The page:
As the rest of the TV business has seen, Sinclair Broadcast Group continues to see rapidly rising advertising revenue coming out of the COVID-19 pandemic -- up nearly 110% in the second three months of 2021 and nearly 40% higher for the first six months of the year.
Total ad revenues were $491 million and $862 million, respectively.
Sinclair credits not only its highly scrutinized core advertisers -- up 125% in the second quarter to $486 million -- but credits gains to more professional sports TV programming from the return of Major League Baseball, NBA basketball and other sports content.
At the same time, distribution revenues were virtually flat -- at $1.08 billion from $1.01 billion -- in the period.
Much of the weakness comes from dropped carriage of its regional sports networks and lower subscribers among virtual pay TV providers. A year ago, its regional sports TV network distributors got fee reductions tied to minimum game guarantees.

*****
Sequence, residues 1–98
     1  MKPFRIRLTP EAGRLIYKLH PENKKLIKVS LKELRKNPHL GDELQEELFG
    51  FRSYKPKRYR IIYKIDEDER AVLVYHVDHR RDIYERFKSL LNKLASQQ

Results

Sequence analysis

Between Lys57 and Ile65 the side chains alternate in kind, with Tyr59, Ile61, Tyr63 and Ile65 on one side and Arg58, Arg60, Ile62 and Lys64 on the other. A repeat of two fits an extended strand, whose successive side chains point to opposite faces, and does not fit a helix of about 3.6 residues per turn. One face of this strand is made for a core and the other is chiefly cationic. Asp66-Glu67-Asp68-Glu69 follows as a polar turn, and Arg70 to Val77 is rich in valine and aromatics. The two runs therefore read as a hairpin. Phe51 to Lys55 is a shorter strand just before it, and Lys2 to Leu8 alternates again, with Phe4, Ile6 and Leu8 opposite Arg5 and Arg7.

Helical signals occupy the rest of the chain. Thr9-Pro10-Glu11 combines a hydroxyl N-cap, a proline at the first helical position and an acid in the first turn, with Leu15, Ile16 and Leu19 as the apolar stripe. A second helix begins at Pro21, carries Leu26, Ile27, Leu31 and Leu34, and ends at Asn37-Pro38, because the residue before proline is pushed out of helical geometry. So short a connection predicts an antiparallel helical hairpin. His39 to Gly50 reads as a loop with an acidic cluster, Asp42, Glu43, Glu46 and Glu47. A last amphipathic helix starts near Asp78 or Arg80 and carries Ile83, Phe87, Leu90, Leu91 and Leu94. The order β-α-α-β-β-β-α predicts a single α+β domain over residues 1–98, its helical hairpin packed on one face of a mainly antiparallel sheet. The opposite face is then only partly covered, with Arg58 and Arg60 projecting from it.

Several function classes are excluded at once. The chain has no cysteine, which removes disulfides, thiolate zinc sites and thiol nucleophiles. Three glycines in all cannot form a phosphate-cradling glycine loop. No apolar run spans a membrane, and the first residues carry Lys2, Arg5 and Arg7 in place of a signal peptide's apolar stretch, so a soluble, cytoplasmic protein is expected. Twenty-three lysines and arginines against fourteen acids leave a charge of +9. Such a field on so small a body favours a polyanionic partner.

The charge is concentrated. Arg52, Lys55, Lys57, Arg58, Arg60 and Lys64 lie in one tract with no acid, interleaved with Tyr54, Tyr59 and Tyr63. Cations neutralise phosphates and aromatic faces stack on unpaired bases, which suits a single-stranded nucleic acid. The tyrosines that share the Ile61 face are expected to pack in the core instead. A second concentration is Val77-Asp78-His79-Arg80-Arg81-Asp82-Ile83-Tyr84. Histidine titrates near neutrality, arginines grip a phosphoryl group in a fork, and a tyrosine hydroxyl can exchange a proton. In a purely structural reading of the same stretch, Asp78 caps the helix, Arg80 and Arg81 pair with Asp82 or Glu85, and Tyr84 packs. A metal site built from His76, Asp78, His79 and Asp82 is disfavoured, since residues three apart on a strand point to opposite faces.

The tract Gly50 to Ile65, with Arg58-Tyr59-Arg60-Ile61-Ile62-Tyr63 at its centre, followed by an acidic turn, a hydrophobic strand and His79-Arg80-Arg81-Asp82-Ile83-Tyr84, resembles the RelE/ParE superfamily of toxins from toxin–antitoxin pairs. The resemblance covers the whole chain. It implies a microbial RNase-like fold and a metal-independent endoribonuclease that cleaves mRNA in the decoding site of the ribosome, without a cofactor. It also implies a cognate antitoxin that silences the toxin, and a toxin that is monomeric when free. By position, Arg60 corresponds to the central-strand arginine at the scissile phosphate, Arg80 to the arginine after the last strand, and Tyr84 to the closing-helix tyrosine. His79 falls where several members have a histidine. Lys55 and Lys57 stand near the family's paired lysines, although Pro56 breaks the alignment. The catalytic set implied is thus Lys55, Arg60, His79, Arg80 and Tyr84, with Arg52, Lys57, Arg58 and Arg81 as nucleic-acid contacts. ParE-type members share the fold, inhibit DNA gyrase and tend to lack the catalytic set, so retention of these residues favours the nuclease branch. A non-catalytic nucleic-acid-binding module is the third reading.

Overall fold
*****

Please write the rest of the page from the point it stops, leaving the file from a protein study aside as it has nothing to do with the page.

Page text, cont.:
With regard to its regional sports networks, and Sinclair’s effort to transition more to streaming direct-to-consumer businesses, Chris Ripley, CEO of Sinclair, says the company is looking at a D2C sports service in the first half of 2022.
In a recent filing, Sinclair believes a D2C service could hit 4.4 million subscribers generating around $2 billion in annual revenue. Sinclair claimed to have 52 million cable and pay TV subscribers in 2020 from all its 19 regional cable sports networks.
During the earnings call, Ripley said: “We believe consolidation of the RSN space of other complimentary rights is inevitable.”
Rumors have swirled around the possibility that Comcast Corp. owned-RSNs could merge with Sinclair’s RSNs.
For the current period, Sinclair posted a net loss of $328 million versus net income of $273 million in the yea- ago period. This was due to the recognition of sports media rights expenses in the current period.
Wednesday morning trading of Sinclair’s stock was up 4.4% to $29.51.